Monika: Today it is my pleasure and honour to interview Venus de Mars, a transgender artist from Minnesota, poet, singer, songwriter, painter, and leader of punk-glam band All the Pretty Horses. Hello Venus!
Venus: Hey Monika ;)
Venus: Ha! OK... well Hmm. I guess it started as a desire way back when I was a kid... you know. The glamour... seeing the portrayals, lifestyles etc. in media from back then. That kind of attracted me to it all...but I was way to shy to sing... didn't think I could really, so I just concentrated on playing the guitar. Started on acoustic when I was like 10 years old... and did basic lessons, but I branched out on my own and tried to learn classical, and flamenco... all that stuff, but rock still called to me.
Eventually after I'd graduated from high school, and tried a bit of college (and dropped out), I fell into that old dream and formed a punk band back in the early days with friends... and tried for the first time to sing a bit. I think the Punk era ushered in possibilities. Back in the 70's everything was so crafted by the record labels... it seemed impossible to imagine how to break into that business...and frankly I didn't like the music, aside from Bowie's stuff as Ziggy... I loved that early glam stuff...but that wasn't what you usually heard on the radio. Mostly it was top 40 stuff, and I hated all that.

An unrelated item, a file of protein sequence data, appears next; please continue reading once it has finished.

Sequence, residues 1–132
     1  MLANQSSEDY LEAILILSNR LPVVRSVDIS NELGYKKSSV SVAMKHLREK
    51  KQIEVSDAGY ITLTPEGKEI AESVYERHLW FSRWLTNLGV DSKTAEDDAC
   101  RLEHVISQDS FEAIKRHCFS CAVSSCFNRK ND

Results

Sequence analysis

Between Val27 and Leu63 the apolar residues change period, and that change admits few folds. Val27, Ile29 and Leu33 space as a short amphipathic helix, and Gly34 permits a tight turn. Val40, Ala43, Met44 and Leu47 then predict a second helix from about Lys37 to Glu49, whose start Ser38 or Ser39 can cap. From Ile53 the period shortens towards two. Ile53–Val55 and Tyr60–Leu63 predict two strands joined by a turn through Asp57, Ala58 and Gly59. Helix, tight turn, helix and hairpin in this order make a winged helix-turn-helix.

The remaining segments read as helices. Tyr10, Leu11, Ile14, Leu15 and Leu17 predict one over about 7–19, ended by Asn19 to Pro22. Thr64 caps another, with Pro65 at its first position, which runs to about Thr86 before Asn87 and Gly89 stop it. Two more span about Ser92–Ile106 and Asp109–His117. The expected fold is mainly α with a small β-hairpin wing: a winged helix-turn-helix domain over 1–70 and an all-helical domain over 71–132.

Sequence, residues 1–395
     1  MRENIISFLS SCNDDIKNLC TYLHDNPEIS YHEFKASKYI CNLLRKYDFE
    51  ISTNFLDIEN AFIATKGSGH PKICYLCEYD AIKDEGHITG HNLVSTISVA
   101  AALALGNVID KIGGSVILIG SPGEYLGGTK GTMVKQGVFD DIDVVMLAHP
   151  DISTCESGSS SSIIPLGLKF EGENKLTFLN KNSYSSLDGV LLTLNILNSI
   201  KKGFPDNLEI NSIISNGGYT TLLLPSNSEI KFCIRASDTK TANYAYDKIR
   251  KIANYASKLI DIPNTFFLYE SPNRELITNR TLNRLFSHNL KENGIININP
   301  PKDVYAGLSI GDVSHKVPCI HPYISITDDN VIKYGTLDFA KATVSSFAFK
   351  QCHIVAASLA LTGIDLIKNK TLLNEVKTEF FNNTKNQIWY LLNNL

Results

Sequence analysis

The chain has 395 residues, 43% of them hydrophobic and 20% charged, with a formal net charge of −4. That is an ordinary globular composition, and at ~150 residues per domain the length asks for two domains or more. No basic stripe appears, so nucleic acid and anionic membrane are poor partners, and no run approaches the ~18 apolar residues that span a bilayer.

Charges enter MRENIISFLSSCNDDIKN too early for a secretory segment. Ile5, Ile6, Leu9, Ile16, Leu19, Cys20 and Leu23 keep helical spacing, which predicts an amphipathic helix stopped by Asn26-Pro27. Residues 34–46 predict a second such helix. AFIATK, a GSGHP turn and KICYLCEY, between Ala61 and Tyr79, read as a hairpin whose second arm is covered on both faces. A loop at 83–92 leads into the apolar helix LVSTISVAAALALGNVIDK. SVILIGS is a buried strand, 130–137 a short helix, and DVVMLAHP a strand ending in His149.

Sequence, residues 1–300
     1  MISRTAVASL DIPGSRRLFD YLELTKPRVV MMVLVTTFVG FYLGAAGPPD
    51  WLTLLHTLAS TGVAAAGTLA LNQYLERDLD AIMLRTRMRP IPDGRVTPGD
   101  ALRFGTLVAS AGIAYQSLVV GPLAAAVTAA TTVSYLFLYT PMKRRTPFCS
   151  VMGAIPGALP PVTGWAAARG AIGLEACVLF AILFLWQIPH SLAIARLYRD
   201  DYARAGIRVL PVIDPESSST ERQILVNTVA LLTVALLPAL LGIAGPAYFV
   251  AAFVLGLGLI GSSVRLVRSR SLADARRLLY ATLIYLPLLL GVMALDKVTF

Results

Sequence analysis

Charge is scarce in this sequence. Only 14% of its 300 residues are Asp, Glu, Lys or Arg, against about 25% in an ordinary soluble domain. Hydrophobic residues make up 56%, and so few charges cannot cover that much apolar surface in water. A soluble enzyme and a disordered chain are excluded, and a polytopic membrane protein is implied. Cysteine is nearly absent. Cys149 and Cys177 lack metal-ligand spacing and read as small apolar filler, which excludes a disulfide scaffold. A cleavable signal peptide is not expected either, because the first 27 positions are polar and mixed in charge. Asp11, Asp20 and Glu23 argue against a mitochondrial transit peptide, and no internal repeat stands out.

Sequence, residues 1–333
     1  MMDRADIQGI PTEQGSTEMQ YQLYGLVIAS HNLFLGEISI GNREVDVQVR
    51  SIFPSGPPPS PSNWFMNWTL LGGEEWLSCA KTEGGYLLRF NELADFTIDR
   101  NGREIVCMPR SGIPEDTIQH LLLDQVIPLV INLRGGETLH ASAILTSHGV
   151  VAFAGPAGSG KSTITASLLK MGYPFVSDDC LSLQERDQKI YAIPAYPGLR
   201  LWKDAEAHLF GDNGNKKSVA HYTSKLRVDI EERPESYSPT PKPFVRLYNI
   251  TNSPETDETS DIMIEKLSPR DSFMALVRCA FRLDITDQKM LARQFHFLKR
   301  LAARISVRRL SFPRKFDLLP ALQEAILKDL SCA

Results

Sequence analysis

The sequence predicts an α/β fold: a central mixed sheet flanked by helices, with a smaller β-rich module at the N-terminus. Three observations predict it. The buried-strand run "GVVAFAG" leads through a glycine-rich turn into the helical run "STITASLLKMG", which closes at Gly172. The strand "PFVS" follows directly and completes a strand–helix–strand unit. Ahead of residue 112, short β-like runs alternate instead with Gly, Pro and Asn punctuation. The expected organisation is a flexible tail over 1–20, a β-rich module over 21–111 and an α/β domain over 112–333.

Well, anyway, Punk broke into the scene... The whole DIY stuff. You know, "Fuck the Record labels, let's put out our own records" kind of attitude, and that's what I needed.
I think once that happened, I actually felt like it was possible to make it a career, but of course I still didn't know how to do it. But that was the turning point. Deciding to try and make it my profession.
|St. Paul Amsterdam Bar. |
Photo by George Roedler.
Growing up in the Midwest and all, I had to rely on the underground access for music, work of mouth, record stores friends, college radio, etc... they had the cool edgy stuff. And I began to collect it all up.